न रूपमस्येह तथोपलभ्यते
नान्तो न चादिर्न च सम्प्रतिष्ठा |
मसङ्गशस्त्रेण दृढेन छित्त्वा || 3||
तत: पदं तत्परिमार्गितव्यं
यस्मिन्गता न निवर्तन्ति भूय: |
तमेव चाद्यं पुरुषं प्रपद्ये
यत: प्रवृत्ति: प्रसृता पुराणी || 4||
na rūpam asyeha tathopalabhyate
nānto na chādir na cha sampratiṣhṭhā
aśhvattham enaṁ su-virūḍha-mūlam
asaṅga-śhastreṇa dṛiḍhena chhittvā
tataḥ padaṁ tat parimārgitavyaṁ
yasmin gatā na nivartanti bhūyaḥ
tam eva chādyaṁ puruṣhaṁ prapadye
yataḥ pravṛittiḥ prasṛitā purāṇī
na—not; rūpam—form; asya—of this; iha—in this world; tathā—as such; upalabhyate—is perceived; na—neither; antaḥ—end; na—nor; cha—also; ādiḥ—beginning; na—never; cha—also; sampratiṣhṭhā—the basis; aśhvattham—sacred fig tree; enam—this; su-virūḍha-mūlam—deep-rooted; asaṅga-śhastreṇa—by the axe of detachment; dṛiḍhena—strong; chhittvā—having cut down; tataḥ—then; padam—place; tat—that; parimārgitavyam—one must search out; yasmin—where; gatāḥ—having gone; na—not; nivartanti—return; bhūyaḥ—again; tam—to him; eva—certainly; cha—and; ādyam—original; puruṣham—the Supreme Lord; prapadye—take refuge; yataḥ—whence; pravṛittiḥ—the activity; prasṛitā—streamed forth; purāṇi—very old
Its true form is not comprehended here, nor its end, nor its origin, nor even its existence. Having cut down this firm-rooted Aśvattha with the strong axe of detachment, one should pray, “I take refuge in that Primal Being from whom has streamed forth this eternal activity,” and seek that Goal from which they who have reached it never return.
This tree of Samsara is not seen by man in the form described in the first and second verses. Why? Attached to Samsara, the ignorant do not see it as such. They do not see its beginning or end, or its present state of existence. They have not made any attempt to enquire into its real nature. They are immersed in the flood of Samsara and do not really know what it is, how it has come, and what its nature is etc. In darkness, the real nature of objects cannot be seen. Thus people live in Samsara and die in Samsara without understanding its true nature. This is Maya. Only a few awakened souls try to release themselves from its bondage, and among them only a few are able to cut the bond and attain liberation. The idea is that the darkness of ignorance is such that man is not able to realise the slavery and bondage which Samsara has imposed on him from time immemorial.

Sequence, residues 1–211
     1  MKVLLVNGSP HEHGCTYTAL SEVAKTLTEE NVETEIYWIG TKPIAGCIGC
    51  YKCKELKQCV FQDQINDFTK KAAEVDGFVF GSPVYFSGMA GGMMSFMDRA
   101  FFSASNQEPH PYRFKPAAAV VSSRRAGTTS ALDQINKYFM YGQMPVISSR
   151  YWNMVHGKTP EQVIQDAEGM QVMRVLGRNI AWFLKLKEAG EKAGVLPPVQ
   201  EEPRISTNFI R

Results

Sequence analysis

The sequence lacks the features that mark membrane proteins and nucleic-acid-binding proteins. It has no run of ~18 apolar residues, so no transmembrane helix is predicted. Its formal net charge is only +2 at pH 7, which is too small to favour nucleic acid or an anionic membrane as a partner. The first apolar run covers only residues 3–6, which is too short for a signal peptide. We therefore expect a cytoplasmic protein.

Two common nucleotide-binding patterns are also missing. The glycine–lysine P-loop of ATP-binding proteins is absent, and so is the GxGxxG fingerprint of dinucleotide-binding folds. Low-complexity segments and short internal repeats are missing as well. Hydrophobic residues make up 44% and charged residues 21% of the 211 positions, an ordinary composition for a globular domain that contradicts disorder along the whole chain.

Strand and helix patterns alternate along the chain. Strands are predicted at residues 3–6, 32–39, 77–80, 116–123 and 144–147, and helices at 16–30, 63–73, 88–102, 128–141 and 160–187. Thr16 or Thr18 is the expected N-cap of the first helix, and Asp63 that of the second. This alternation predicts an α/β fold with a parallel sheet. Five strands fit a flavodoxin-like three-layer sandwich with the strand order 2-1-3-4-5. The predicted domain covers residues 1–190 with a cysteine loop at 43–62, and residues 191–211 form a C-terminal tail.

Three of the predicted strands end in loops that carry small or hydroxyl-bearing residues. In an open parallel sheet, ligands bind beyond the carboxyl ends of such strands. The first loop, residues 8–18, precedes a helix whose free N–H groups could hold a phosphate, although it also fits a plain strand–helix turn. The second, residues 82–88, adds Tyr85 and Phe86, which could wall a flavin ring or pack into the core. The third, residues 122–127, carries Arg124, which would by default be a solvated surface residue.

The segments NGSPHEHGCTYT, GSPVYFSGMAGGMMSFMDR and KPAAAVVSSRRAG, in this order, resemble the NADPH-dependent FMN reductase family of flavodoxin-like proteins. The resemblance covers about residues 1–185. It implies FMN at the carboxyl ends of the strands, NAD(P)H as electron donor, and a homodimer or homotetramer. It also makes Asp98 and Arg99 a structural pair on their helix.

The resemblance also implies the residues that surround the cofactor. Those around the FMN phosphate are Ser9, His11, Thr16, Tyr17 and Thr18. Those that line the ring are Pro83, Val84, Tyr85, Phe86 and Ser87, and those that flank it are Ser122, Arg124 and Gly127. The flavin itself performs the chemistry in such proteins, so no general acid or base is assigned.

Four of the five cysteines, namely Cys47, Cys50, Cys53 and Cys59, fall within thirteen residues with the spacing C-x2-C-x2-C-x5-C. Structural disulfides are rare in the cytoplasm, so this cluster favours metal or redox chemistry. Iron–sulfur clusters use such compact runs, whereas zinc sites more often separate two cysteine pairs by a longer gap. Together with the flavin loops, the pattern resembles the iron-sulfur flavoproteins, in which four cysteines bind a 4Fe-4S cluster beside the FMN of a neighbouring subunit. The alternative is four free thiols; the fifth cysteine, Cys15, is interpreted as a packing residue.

This tree of Samsara is described as ‘suvirudhamulam‘ with roots deeply and firmly fixed in the world, and it has spread its branches far and wide, even upto Brahma loka. But its firmness and strength need not frighten us. Provided the weapon is sufficiently sharp and powerful, any tree can be felled to the ground. The Lord shows the weapon with which this tree can be cut. It is ‘asanga sastram’ Non-attachment to world, and its sensual attractions and temptations is the axe which cuts the tree of Samsara. In other words, it is dispassion (vairagya). What a wonderful weapon to smash the tree of samsara! But the axe should be sharp and strong. Lukewarm and fitful vairagya (manda vairagya) is not enough. It should be blazing, burning, all-consuming ‘vairagya’. How else can this mighty tree be cut? That is why the Lord uses the word ‘dridhena’ as attribute to ‘asanga sastra’, This axe of dispassion cuts the very root of the tree and there is no more delusion or bondage. It is like destroying the main wheel of a huge factory-machine. When the main wheel is stopped, all the innumerable smaller wheels stop automatically. We need not stop every small wheel. So also, when the roots of the tree are cut, the branches, the buds and all other things wither away of their own accord. This non-attachment should be both external and internal.
But the aim is yet to be realised. Vairagya eliminates the obstacles on the path of Self realisation. Having given up the ‘drisya‘, the objective world, the next step is to hold fast to the ‘Drik‘ the seer. This is important. It is not enough to clear the debts; one should acquire property, and then only he will be safe. The rejection of the sense-world is like clearing the debts. So along with ‘vairagya’ the seeker should possess jnana, knowledge of Paramatma. He should know that his real nature is Atma. Then his bliss is full and unhindered. That is why the Lord teaches That is then, the Atma is to be searched for (parimargitavyayam).
This is the highest state for a human being, because, having once attained it, man does not return to samsara again (na nivartanti bhuyah). It is the law that man has to return to this world again and again whatever world he goes to by his good work until he realises Paramatma. That wise attain it and are forever at rest.
The path to take for this search for the highest Truth is clearly stated here. The secret is revealed-“tam eva purusham prapadye”-“I take refuge in that Purusha alone.” This is the spirit prompting the aspirant in his search for Paramatma. It is a deeply devotional attitude, a surrender unto the Lord in the search for Atma. To him who has pure devotion, Brahma-jnana is easily attained.
Question: What is the nature of the tree of samsara?
Answer: Its roots are firmly fixed in the world.
Question: How should it be cut?
Answer: It should be cut with strong axe of non-attachment to the objective world.
Question: What should be done after the tree is cut?
Answer: He should search for the state of ‘Paramatma’.
Question: What is the nature of Paramatma?
Answer: Having attained Him, man does not return to this world (unto Samsara). From Him. the universe is projected. He is the primeval God.